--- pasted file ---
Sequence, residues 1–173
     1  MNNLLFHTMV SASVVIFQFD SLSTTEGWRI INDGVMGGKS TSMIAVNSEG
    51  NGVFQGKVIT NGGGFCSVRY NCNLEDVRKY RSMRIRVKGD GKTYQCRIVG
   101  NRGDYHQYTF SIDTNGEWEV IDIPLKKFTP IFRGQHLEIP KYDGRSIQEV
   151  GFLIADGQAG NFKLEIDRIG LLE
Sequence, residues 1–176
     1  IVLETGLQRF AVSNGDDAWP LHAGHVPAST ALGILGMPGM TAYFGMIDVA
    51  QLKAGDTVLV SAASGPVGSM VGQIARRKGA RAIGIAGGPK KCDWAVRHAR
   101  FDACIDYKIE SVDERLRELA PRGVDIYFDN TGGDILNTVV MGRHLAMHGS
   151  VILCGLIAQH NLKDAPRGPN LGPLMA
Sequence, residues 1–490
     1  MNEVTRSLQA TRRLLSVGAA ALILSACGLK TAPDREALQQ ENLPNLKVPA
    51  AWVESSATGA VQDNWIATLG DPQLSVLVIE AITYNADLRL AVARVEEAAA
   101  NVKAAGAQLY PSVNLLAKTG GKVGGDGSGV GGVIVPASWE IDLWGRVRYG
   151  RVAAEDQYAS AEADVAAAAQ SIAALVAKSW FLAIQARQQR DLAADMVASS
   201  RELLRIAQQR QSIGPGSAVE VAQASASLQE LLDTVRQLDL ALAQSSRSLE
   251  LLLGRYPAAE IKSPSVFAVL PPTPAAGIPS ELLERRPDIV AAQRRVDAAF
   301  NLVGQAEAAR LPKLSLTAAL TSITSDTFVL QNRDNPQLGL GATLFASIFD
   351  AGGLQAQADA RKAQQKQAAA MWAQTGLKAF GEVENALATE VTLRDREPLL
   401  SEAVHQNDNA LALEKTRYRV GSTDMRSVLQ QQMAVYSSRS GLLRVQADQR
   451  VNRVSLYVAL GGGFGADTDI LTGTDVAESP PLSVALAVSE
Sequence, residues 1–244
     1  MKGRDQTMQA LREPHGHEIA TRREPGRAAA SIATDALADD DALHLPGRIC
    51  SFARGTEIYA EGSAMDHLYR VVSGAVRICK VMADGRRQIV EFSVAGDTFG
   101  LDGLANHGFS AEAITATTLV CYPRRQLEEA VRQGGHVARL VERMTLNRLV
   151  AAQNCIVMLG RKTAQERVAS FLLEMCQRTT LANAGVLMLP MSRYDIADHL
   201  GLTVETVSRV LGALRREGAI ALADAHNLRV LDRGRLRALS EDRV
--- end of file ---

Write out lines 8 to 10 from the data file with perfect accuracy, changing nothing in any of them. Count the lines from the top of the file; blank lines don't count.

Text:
    51  QLKAGDTVLV SAASGPVGSM VGQIARRKGA RAIGIAGGPK KCDWAVRHAR
   101  FDACIDYKIE SVDERLRELA PRGVDIYFDN TGGDILNTVV MGRHLAMHGS
   151  VILCGLIAQH NLKDAPRGPN LGPLMA